2.3 On 9 October 1996, the High Court of Justice in Murcia informed the author that it would not consider the application since the assistance of counsel was required for its consideration.
2.4 The author, assisted by counsel, submitted the application for reconsideration on 30 October 1996 to the High Court of Justice in Murcia, which took no decision until 25 February 2000.
3.1 The author argues in the communication he submitted to the Committee that the statements contained in the judgement of the court of first instance of 31 May 1996 constitute a clear violation of his right to an impartial and objective hearing. He furthermore considers that referring in the judgement to the defendant as a person "suffering from some kind of mental disturbance" without any psychiatric evidence to support such a claim constitutes an act that is not only frivolous but also incompatible with article 14, paragraph 1, of the Covenant.
3.2 With regard to the dismissal order by the High Court of Justice of 10 September 1996, the author argues that such a decision violates the right to fair and impartial consideration of a complaint against a judge for damaging the author's reputation in the judgement rendered. The author therefore contends that there was a denial of justice since the court declined to examine the merits of the case, thus violating article 14, paragraph 1.
3.3 The author argues that he has exhausted all domestic remedies with his application to the High Court of Justice, the highest judicial body in the Autonomous Community of Murcia. He attributes his failure to bring an amparo application before the Constitutional Court to the unlikelihood of its success.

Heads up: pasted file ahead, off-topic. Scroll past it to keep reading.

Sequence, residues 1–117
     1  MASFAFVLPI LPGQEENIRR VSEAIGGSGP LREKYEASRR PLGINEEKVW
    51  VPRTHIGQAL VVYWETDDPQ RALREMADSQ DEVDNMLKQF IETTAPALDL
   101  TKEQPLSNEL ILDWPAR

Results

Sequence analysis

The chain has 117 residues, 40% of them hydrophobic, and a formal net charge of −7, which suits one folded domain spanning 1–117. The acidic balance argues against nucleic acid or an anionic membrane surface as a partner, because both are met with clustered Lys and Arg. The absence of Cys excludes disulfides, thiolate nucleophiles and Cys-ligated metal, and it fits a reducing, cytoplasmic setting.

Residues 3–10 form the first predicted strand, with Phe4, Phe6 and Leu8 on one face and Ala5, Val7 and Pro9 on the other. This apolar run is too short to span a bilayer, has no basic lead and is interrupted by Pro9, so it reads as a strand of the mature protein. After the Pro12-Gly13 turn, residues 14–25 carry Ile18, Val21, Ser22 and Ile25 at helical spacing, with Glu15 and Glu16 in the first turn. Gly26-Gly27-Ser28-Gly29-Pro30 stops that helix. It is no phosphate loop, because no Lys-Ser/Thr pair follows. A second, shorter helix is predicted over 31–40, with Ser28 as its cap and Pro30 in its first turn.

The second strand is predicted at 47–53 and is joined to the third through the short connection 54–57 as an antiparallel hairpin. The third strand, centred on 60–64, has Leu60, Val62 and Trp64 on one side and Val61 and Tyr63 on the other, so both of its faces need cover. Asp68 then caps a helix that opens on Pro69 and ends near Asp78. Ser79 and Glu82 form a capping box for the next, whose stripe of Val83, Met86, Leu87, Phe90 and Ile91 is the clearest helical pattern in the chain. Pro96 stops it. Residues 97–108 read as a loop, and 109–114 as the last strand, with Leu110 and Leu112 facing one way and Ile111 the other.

3.4 The same matter is not being examined under another procedure of international investigation or settlement.
Information and observations of the State party and comments of the author on admissibility
4.1 In its observations of 7 February 2000, the State party challenges the admissibility of the communication, arguing that Asensio López has not exhausted all domestic remedies since he had the possibility of appointing counsel and submitting the application for reconsideration in the proper manner. It should be noted that the author had by that time already submitted such an application, on 30 October 1996.
4.2 In his comments of 17 May 2000, the author replies that although the application for reconsideration was filed on 30 October 1996, the High Court of Justice took its decision only on 25 February 2000, when the application was dismissed. The author therefore considers that domestic remedies have been exhausted.